GOSHEN — It took more than two hours of contentious debate and three council members to reverse their positions, but in the end the Goshen City Council voted to help keep subsidized housing intact in Goshen Tuesday night.
The council voted to contribute up to $571,050 from the city's $4.7-million rainy day fund to make up for a shortfall in the Goshen Housing Authority's voucher program.
The city will pitch in less than that, though, since the community already pitched in about $61,000, with more committed and under consideration.
Early into the meeting, Council President Tom Stump suggested that instead of picking up the balance of what money isn't raised from the community, that the city merely match outside donations.
The party-line vote by the Republican majority to approve Stump's proposal drew gasps from the audience and one shout of “Shame.”
Ed Bradford, who's a Republican, chided the council. “This has become political and that's a thing that should not have happened,” he said. “I don't care what your politics are, you've got to do what's right.”
Harry Scribner told the council, “We're not talking about money, we're talking about human lives. We're talking about children, we're talking about moms and dads struggling to make ends meet.”
Stump argued it doesn't seem fair that city taxpayers should pay to cover for federal money that was misappropriated.
According to Pam Kennedy, director of the recently established consortium between the Goshen and Warsaw housing authorities, the program was threatened because of two things — apparent past mismanagement which used up extra payments from the U.S. Department of Housing and Urban Development, and HUD telling housing authorities nationwide that they have to use up all extra money this year.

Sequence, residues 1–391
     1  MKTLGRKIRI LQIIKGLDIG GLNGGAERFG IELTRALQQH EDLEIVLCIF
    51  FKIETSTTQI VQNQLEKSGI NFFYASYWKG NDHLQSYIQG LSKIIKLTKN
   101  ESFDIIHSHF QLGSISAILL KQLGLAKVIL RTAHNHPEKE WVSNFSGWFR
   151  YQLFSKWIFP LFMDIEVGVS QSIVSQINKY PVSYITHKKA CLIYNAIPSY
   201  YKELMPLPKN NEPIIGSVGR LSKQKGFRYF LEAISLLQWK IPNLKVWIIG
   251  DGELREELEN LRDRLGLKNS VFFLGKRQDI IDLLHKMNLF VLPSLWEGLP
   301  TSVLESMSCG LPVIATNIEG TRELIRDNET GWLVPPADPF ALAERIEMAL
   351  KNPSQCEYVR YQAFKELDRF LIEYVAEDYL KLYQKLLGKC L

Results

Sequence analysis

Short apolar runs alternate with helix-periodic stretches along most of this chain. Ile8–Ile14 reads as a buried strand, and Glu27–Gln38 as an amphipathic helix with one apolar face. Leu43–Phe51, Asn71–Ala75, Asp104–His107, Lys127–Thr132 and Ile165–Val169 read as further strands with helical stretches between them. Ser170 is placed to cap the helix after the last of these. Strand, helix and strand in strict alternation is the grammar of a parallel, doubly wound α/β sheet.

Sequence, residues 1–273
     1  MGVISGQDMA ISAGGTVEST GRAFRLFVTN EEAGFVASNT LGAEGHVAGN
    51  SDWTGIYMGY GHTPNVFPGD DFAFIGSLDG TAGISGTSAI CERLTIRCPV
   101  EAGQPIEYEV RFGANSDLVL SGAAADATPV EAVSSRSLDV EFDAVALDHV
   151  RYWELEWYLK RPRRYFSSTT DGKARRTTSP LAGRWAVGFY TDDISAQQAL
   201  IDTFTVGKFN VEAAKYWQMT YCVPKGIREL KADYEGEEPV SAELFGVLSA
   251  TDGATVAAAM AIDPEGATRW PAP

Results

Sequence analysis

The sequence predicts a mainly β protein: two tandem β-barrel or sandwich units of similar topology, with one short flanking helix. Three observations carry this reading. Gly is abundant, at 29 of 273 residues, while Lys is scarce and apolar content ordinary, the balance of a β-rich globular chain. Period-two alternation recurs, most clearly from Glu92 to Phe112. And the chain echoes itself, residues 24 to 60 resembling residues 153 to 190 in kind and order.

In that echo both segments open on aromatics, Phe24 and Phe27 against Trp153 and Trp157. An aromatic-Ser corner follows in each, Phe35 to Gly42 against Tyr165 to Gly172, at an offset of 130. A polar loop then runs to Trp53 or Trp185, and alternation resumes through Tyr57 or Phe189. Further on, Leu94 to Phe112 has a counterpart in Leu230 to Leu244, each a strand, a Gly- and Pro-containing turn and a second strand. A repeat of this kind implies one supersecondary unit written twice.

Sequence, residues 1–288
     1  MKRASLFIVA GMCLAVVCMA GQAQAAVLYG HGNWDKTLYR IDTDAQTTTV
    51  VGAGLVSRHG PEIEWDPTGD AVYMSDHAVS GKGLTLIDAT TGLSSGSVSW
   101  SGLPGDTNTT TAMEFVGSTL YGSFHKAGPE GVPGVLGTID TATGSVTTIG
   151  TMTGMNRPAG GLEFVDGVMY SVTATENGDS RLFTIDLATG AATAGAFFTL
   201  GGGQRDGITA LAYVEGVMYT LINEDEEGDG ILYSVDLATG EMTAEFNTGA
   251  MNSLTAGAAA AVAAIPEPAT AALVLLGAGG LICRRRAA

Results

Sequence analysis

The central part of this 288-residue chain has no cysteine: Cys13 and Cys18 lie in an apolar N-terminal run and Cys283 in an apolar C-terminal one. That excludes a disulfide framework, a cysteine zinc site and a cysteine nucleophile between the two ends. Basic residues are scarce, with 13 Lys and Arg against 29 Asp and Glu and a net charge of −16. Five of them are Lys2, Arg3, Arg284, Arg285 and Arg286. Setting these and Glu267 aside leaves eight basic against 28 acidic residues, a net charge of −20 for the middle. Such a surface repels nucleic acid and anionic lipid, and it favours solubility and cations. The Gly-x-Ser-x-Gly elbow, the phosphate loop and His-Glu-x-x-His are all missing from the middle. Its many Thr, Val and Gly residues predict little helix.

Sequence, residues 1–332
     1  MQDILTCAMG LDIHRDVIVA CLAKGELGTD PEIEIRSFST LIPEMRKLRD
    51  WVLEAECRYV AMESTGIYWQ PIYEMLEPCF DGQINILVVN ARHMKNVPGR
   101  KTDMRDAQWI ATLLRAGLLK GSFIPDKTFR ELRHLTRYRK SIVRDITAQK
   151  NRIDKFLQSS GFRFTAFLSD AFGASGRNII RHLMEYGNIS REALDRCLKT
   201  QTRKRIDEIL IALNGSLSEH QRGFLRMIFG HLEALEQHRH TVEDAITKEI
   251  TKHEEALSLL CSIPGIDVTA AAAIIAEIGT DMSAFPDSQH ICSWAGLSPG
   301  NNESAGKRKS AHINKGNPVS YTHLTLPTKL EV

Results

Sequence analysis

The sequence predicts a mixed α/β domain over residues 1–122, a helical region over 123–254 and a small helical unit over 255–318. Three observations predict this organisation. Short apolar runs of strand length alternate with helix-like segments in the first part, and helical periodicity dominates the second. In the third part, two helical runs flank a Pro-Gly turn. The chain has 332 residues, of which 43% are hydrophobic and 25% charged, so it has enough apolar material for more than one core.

Audits are ongoing to find out what happened to the money and should be finished soon. An Indiana State Police investigation is also ongoing, according to the housing authority board. Nobody who worked there when the money went missing still works at the Goshen Housing Authority.
Monica Anderson, a single mom who gets vouchers, spoke Tuesday. “It's not our fault, it's not your fault,” she told the council members, but now, “it's our community's problem.”
The relatively new board and HUD knew the money was gone, but board members believed HUD was going to give them time to straighten up the program, according to board member Jason Lehman.
The recent nationwide mandate from HUD changed that. They're requiring housing authorities to use up all reserves in the housing assistance program.
Since the money isn't there in Goshen's case, HUD told the housing authority it has to cut 100 vouchers immediately and three per month after that, unless the authority can find other funding for the vouchers.
While some council members balked at raiding the rainy day fund, Denise Reesor told council members, “If this isn't a rainy day, I really don't know what would be.”
With Tuesday's vote, the program will stay intact.
Wayne Kramer, a Republican member of the housing authority board, warned the council that Stump's proposal “would be the death knell for the agency.”
Council members Ed Ahlersmeyer, Dixie Robinson and Jim McKee initially supported Stump's proposal. They wanted to wait and see whether the community would cover the shortfall, but ultimately voted to revoke Stump's proposal, drawing applause — and some tears — from the audience.
The approval to donate the money out of the city's rainy-day fund came with a string of conditions requiring accountability for the money and allowing the city to back out of monthly payments for the vouchers if the council decides the housing authority isn't headed in a positive direction. Councilman Jeremy Stutsman came up with the list of requirements.
Councilman Everett Thomas said it's the only time he's ever supported raiding the city's rainy-day fund.